Pleurotus pulmonarius, the lung oyster mushroom, is very similar to Pleurotus ostreatus, the tree oyster, but has a few noticeable differences. The caps of pulmonarius are much paler and smaller than ostreatus and develops more of a stem. Pulmonarius also prefers warmer weather than ostreatus and will appear later in the summer. Otherwise, the taste and cultivation of the two species is generally described as largely the same.
- Cap: 2-12 cm; convex, becoming flat or somewhat depressed; lung-shaped (hence its Latin name) to semicircular, or nearly circular if growing on the tops of logs; somewhat greasy when young and fresh; fairly smooth; whitish to beige or pale tan, usually without dark brown colorations; the margin inrolled when young, later wavy and, unlike Pleurotus ostreatus, very finely lined.
- Spore print: white, to yellowish, to lavender gray
- Gills: on hymenium and are decurrent. They will descend the stipe.
- Stipe: not distinct with sufficient air exchange, long and narrow with buildup of CO2
- Veil: absent
- Mycelium: white, linear, becoming cottony, and eventually forming a thick, peelable, mycelial mat. If cultures on agar media or on grain are not transferred in a timely fashion (i.e. within two weeks), the mycelium becomes so dense as to make inoculations cumbersome and messy.)
Fruit body Development
This species is broadly adaptive, producing mushrooms on a great array of organic debris. The substrate materials proven to result in the greatest yields are the cereal (wheat, rice) straws, hardwood sawdusts, corn stalks, sugar cane bagasse, coffee waste, pulp mill sludge, cotton waste, and numerous other agricultural and forest waste by-products. Royse & Bahler found that the addition of 20% alfalfa hay to wheat straw increased yields substantially. In their studies, yields peeked when a combination of wheat straw, alfalfa, and delayed release nutrients were employed. Alfalfa hay, as any compost maker knows, is considered "hot" because of its elevated, nitrogen component. Although yields can be boosted by adding these nitrogenous supplements, the cultivator must balance whether or not this advantage is offset by the likely increase in contamination rates.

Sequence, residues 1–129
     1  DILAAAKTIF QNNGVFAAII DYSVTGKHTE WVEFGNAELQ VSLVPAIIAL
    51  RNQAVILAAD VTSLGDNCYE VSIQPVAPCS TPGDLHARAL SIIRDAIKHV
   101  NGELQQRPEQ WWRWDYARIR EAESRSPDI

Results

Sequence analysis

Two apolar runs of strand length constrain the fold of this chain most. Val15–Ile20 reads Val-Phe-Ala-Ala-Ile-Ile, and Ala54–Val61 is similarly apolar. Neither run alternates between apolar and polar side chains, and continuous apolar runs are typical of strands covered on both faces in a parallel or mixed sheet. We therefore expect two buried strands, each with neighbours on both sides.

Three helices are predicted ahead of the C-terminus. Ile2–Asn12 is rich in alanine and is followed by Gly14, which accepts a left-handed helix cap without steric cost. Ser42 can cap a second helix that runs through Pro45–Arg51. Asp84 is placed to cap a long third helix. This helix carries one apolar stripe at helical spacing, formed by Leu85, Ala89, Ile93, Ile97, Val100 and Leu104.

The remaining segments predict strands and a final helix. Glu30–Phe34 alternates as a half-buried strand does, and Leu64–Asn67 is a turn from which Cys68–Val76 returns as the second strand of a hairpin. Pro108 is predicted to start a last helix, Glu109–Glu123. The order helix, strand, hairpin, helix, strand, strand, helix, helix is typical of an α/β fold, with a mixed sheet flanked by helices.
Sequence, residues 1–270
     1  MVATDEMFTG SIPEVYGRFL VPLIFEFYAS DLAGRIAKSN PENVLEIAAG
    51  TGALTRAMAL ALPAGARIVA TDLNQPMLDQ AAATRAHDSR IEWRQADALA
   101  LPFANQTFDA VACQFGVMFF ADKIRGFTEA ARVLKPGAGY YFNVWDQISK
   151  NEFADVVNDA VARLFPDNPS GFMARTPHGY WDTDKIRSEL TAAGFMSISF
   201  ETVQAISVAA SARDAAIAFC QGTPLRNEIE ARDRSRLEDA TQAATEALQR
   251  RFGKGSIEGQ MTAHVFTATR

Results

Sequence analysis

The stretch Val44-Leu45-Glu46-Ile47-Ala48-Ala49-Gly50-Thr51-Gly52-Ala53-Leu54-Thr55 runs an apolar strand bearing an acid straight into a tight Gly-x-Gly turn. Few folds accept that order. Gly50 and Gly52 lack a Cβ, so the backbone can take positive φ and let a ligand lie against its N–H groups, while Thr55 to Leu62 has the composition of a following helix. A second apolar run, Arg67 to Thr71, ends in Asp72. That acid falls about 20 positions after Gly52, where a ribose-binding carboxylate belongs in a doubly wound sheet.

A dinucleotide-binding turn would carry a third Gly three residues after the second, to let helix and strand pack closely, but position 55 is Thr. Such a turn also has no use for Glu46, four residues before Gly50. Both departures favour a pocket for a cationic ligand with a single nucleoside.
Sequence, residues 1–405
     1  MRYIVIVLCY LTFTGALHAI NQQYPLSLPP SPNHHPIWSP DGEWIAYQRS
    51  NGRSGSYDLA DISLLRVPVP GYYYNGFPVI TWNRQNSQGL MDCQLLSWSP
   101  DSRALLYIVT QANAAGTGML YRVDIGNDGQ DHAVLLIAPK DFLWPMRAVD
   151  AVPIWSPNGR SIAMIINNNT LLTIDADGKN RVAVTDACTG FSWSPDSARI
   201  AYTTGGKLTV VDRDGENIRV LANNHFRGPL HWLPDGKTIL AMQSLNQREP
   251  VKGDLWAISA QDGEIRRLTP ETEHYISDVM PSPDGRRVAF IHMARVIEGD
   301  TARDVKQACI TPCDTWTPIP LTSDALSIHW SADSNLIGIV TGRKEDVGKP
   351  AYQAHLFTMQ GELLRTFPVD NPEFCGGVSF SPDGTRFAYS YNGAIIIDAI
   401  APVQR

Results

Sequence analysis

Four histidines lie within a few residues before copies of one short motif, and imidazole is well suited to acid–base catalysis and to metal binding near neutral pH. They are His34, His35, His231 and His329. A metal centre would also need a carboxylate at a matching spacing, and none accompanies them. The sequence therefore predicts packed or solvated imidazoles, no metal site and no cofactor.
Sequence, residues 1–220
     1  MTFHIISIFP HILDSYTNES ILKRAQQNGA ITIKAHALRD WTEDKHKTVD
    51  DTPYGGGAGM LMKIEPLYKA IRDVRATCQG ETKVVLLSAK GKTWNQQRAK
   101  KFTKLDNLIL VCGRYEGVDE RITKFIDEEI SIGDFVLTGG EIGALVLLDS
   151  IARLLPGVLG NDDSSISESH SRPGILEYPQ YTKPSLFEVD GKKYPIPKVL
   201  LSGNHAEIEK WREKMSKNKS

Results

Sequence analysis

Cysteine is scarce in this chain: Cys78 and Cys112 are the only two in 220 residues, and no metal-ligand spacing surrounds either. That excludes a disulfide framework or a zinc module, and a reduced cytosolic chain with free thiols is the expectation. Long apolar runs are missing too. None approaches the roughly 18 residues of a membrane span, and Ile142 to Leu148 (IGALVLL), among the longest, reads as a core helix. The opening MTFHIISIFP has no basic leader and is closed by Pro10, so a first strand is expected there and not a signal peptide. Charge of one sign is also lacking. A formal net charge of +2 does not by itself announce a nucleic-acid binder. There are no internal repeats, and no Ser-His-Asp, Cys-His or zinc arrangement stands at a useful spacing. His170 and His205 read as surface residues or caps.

Like many other "oyster" mushrooms, Pleurotus pulmonarius is highly sensitive to the carbon dioxide levels of the air. Unless CO2 levels are reduced to less than 1000 ppm (.01%), noticeable malformations of the fruit bodies occur: typically long stems and small caps.
The oyster mushroom is wide-spread in temperate and subtropical forests throughout the world. It is a wood loving species that acts as a primary decomposer on deciduous woods, particularly beech. The species, however, is usually is not fussy where it grows with the notable exception of coniferous needles. In the Western United States, Pleurotus pulmonarius is usually found at higher altitudes than Pleurotus ostreatus which prefers the lowland, river valleys. Pleurotus pulmonarius and Pleurotus ostreatus grow on a variety of hardwoods, with Pleurotus pulmonarius primarily a spring mushroom and Pleurotus ostreatus growing most prevalently in the summer to fall.